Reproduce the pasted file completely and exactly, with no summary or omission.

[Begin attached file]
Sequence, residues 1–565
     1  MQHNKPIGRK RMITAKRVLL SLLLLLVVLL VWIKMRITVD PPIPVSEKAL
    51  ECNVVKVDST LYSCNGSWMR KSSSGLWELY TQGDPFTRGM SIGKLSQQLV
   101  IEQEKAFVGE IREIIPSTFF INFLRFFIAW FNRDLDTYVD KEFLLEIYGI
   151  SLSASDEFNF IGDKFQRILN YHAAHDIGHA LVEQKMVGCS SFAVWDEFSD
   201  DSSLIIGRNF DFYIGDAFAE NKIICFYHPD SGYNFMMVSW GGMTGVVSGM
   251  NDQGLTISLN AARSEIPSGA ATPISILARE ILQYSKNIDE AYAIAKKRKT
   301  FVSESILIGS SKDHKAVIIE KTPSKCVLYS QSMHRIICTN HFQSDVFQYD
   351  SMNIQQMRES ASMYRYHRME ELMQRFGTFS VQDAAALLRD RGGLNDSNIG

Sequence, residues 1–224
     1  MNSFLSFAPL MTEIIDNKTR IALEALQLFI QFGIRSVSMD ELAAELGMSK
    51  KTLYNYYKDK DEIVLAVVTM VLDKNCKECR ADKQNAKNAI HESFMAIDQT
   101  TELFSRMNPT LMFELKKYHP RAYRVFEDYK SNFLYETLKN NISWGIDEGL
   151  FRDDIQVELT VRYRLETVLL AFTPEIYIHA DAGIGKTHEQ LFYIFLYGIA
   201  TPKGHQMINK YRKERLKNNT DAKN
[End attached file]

Sequence, residues 1–565
     1  MQHNKPIGRK RMITAKRVLL SLLLLLVVLL VWIKMRITVD PPIPVSEKAL
    51  ECNVVKVDST LYSCNGSWMR KSSSGLWELY TQGDPFTRGM SIGKLSQQLV
   101  IEQEKAFVGE IREIIPSTFF INFLRFFIAW FNRDLDTYVD KEFLLEIYGI
   151  SLSASDEFNF IGDKFQRILN YHAAHDIGHA LVEQKMVGCS SFAVWDEFSD
   201  DSSLIIGRNF DFYIGDAFAE NKIICFYHPD SGYNFMMVSW GGMTGVVSGM
   251  NDQGLTISLN AARSEIPSGA ATPISILARE ILQYSKNIDE AYAIAKKRKT
   301  FVSESILIGS SKDHKAVIIE KTPSKCVLYS QSMHRIICTN HFQSDVFQYD
   351  SMNIQQMRES ASMYRYHRME ELMQRFGTFS VQDAAALLRD RGGLNDSNIG

Sequence, residues 1–224
     1  MNSFLSFAPL MTEIIDNKTR IALEALQLFI QFGIRSVSMD ELAAELGMSK
    51  KTLYNYYKDK DEIVLAVVTM VLDKNCKECR ADKQNAKNAI HESFMAIDQT
   101  TELFSRMNPT LMFELKKYHP RAYRVFEDYK SNFLYETLKN NISWGIDEGL
   151  FRDDIQVELT VRYRLETVLL AFTPEIYIHA DAGIGKTHEQ LFYIFLYGIA
   201  TPKGHQMINK YRKERLKNNT DAKN